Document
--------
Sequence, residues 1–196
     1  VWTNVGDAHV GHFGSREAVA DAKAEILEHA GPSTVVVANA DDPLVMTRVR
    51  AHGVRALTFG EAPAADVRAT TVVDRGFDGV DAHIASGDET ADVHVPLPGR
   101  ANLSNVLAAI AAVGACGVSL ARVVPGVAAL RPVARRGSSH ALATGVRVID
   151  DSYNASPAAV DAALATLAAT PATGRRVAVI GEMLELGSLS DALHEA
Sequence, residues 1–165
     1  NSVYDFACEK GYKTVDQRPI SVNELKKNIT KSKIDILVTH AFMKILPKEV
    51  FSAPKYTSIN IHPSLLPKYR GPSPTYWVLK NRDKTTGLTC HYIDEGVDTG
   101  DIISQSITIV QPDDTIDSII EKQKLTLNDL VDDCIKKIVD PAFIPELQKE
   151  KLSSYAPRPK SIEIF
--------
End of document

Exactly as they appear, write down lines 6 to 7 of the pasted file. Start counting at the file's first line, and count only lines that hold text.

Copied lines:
Sequence, residues 1–165
     1  NSVYDFACEK GYKTVDQRPI SVNELKKNIT KSKIDILVTH AFMKILPKEV